With so much planning and thinking ahead to do, it can be easy to forget that your tiny 6 pack cooler is not adequate for a family of four to tackle the outdoors.
There’s the planning for sleeping arrangements, figuring out where the campsite is actually going to be, figuring out how much food to bring, and then there’s the equipment to worry about. It can get incredibly stressful.
This is one of the reasons people often wind up with the wrong sized cooler. This may not seem like a serious problem, but you’ll have a different opinion when you’re on the last two days of a seven-day camping trip with no food or clean water!
So when might you need a certain size cooler? When do you need a large cooler rather than a small cooler? Does the cooling material you use inside matter or is it okay to simply dump a bucket of ice into the cooler and presume it will work?
How To Tell What Size Cooler You Need
The first thing to do is gauge how much your rations will weigh you down. Recently, civilian MREs have become quite popular. They’re small, lightweight, and give you all the nutrition you need for a meal. Because of how easy it is to carry multiple MREs, many people simply buy a one-month’s supply of civilian MREs and call it a day.
If you do this, you’ll only need a small cooler. You won’t have to worry about food, but you will want to carry fresh water with you. However, MREs can get a bit expensive. This leads many people to choose non-perishable foods from the grocery store. There’s no problem with doing this, but it does require more space.
To see what size cooler you may need, try putting all of your food into a box. See how easily you can fit things, and how you might do so. You’ll want to find a box that’s a little bit larger than you strictly need. By getting a cooler that’s slightly larger, you’ll have room for cooling devices as well as room to easily search to the bottom and find what you need.
How Should You Cool Your Food?
Now comes the big question. Should you use ice to keep your stuff cool, or something else? That can depend on what you want and need.
If you have a device into which you can put ice and it works as well as anything else to keep stuff cool, then that’s a good idea. However, don’t use loose ice. It may be cheap to grab all the ice from your freezer, but then you’ll be carrying around dirty water. It could taint your fresh water. If people are going to be sticking their hands into the cooler, then you probably want a few cold-packs.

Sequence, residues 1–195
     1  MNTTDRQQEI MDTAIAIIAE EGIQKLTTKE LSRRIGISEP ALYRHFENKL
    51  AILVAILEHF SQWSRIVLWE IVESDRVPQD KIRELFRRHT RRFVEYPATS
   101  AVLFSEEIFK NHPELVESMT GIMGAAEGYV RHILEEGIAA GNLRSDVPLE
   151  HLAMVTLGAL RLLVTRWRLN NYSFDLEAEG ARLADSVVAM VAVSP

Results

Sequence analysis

Coolers That Can Be Camping Fridges
A cooler is no longer just an Esky that you can throw bags of ice or blocks in. These days you can get powered coolers like this 40-quart 12v cooler by Coleman found on amazon here, which are ideal for car campers or campsites that have access to solar power.
These coolers cost considerably more money but work as a portable fridge for camping. So the cost is certainly worth the investment.
Most powered coolers allow you to plug the cooler into your 12v car outlet or into the mains. So no matter where you are camping, if you have access to some sort of power you can have cold food and drinks all round.
A cooler like this, it’s worth investing in a larger capacity model. For the extra bucks you have to spend, why not maximize how much food you can keep colder for longer.
But the downside to this is that the cooler will take up more car space when traveling. But it also means you can store food inside the cooler while driving to the campsite.
Stopping The Water From Spoiling Your Food
The worst thing about camping with a cooler as your source of keeping food cold is that the melted ice can quickly and easily spoil your food. No matter how hard you try to organize the cooler and its food contents, the water always seems to find a way to get in and destroy dinner.
The best way to stop this from happening is to get a watertight container for camping. A container that is not only airtight, but leakproof will work hand in hand with your cooler to give you fresh and cold food for your next camping dinner.
The Decision Is Yours, What Size Cooler?
Ice can be great if you’re using a cooler to hold beer for a cookout or any other drinks or snacks for an event. If the cooler only needs to keep things cool for a short period of time, then you might as well go with the cheap, easy option.
But if you are a serious camper, you should have access to power and not settle for anything less than a cooler that is powered to keep your food cold enough for the entire trip. While the initial upfront costs may scare you, it’s well worth the investment while you’re out sleeping with the air.